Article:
The view of Prague from the Petřín Lookout Tower, 2010
Florence isn’t my favourite Italian city. There, I said it. But it’s undoubtedly beautiful and immensely important for world culture. After all, it’s the birthplace of Renaissance and artists such as Michelangelo created some of their best masterpieces in Florence. Having said that, it’s no wonder than many people find Florence daunting and even overwhelming because of an abundance of must- see museums and art galleries filled with so many iconic sculptures and paintings. Florence is also one of those cities where the tourists outnumber the local population in the period of April to October. So choose your time of visit wisely. I’d suggest to either visit in the early Spring or in the late Autumn. Definitely avoid the summer when it’s too hot to walk around the city. If you’re a first time visitor then definitely focus more on squares and palaces and ice-cream than on museums. Unless, you’re a real culture vulture and you simply have to see the original statue of David in Galleria dell’ Accademia. And book your museum tickets online to avoid waiting in the queue. Even if you only have a day in Florence you can manage to see all of the most important sights I listed below.
So here’s the list of 5 unmissable sights in Florence
- Ponte Vecchio
The oldest bridge in Florence (1345) is also the most beautiful one. The Americans call it the Golden Bridge because of all the high-end jewellery shops on it. It’s always crowded and you should take care of your belongings while admiring all the costly jewellery. If you cross the bridge and go left you’ll reach the Palazzo Pitti and the serene Boboli Gardens. Over the bridge is the Vasari’s Corridor which connects the new Medici palace (Medici family ruled over Florence and Tuscany for centuries) of Palazzo Pitti with the old palace of Palazzo Vecchio. The newest addition to the bridge are the so-called love padlocks. To take the best photos of the bridge you have to either go to the bridge after or before the Ponte Vecchio bridge.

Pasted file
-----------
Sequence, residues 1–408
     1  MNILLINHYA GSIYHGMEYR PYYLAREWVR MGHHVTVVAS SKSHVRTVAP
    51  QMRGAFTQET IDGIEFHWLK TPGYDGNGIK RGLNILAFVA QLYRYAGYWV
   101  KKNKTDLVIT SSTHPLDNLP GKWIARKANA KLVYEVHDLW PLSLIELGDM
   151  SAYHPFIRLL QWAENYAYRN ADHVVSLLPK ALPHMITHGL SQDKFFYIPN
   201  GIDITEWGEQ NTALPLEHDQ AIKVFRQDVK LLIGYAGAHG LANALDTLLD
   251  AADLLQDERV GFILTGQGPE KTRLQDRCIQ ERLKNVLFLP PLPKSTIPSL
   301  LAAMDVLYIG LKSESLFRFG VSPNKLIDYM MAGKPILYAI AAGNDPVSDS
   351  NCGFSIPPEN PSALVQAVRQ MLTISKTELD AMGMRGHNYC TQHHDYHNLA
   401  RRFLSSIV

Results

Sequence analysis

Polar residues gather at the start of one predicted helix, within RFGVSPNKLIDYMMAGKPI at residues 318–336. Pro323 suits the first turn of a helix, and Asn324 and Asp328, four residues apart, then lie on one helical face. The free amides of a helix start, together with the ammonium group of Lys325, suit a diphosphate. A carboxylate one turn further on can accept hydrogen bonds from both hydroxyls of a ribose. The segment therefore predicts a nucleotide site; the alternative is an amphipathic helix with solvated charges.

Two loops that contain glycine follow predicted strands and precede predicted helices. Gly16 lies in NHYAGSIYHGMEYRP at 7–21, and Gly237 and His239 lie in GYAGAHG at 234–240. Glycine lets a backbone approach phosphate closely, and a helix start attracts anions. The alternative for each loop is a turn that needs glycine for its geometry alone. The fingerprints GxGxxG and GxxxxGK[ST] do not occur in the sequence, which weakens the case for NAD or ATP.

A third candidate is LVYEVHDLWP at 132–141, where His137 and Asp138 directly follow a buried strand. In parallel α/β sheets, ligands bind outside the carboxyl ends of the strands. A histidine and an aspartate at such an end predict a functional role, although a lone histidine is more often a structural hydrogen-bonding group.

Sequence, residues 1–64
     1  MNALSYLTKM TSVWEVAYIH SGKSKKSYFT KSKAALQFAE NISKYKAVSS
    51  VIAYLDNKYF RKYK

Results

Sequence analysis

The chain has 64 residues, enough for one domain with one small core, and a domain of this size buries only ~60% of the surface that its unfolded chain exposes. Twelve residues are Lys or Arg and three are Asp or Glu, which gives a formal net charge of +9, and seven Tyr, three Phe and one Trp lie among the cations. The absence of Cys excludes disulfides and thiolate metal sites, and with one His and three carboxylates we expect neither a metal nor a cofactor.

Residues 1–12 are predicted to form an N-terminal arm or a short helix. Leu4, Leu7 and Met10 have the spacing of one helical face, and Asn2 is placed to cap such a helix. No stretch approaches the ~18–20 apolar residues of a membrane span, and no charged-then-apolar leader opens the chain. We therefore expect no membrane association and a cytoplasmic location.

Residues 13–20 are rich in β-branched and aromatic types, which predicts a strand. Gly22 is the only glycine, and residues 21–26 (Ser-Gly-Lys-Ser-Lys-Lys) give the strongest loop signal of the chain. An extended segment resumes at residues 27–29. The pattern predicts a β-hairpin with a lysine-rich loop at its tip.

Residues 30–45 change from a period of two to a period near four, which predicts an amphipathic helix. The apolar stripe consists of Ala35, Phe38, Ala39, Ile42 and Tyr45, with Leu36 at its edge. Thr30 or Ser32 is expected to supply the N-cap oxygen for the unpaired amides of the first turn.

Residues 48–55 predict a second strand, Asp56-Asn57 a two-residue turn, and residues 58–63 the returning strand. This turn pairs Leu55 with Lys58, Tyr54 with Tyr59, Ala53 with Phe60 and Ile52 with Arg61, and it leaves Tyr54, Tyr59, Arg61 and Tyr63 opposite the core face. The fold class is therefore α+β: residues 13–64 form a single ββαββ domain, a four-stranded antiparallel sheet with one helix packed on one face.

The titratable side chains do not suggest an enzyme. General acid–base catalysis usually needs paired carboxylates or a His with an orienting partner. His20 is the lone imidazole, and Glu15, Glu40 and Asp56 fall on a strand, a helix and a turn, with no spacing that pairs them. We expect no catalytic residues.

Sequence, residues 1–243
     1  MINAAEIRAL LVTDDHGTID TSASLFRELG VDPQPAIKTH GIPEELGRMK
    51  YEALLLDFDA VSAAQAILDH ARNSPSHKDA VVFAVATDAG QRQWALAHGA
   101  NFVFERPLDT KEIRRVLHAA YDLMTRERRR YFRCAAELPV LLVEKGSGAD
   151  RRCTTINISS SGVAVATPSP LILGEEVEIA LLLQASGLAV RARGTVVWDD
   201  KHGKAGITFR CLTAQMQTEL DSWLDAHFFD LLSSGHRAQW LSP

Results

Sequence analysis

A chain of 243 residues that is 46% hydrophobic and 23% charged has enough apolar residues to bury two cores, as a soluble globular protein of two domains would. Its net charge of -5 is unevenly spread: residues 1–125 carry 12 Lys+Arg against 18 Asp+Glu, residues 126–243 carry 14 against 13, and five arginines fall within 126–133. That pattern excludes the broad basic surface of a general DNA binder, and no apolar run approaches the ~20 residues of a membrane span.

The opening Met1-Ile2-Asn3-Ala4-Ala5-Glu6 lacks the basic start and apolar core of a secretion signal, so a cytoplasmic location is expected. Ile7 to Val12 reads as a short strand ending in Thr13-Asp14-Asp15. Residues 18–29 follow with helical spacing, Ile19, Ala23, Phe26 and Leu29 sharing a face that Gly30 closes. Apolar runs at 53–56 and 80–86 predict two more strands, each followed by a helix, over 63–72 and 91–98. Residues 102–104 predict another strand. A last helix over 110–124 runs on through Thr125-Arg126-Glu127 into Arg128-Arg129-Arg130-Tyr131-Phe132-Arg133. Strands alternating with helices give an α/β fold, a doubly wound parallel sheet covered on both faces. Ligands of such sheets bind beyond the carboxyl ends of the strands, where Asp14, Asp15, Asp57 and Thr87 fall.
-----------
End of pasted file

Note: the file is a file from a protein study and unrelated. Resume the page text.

- Piazza della Signoria
Once the political center of the entire region and nowadays a hotspot for locals and tourist alike this gorgeous square is also a sort of museum in the open. The dominating feature of Piazza della Signoria is the medieval town hall of Palazzo della Signoria or Palazzo Vecchio. You can enter it for free but if you want to see the upstairs rooms you have to pay for the ticket. On the right side of the palace is the world-famous museum the Uffizi and on the corner is the Loggia dei Lanzi with a number of interesting sculptures. There are many important art pieces at this square including the copy of Michelangelo’s David (the original is in the Accademia). There’s also the Neptune Fountain and the Cosimo I Medici sculpture on a horse. Occasionally there’ll be some temporary modern sculpture or installation too. You’ll probably notice a round marble plaque on the floor in front of the Neptune fountain. That plaque marks the exact spot where the infamous Girolamo Savonarola was hanged and burned after he was finally captured. He used to organize Bonfires of the Vanities in the 15th century and burn books and artworks. There’s a water tap behind the Neptune’s fountain so you can fill in your water bottle. If you fancy a cup of pricey coffee you can choose one of the two historical cafes at the square.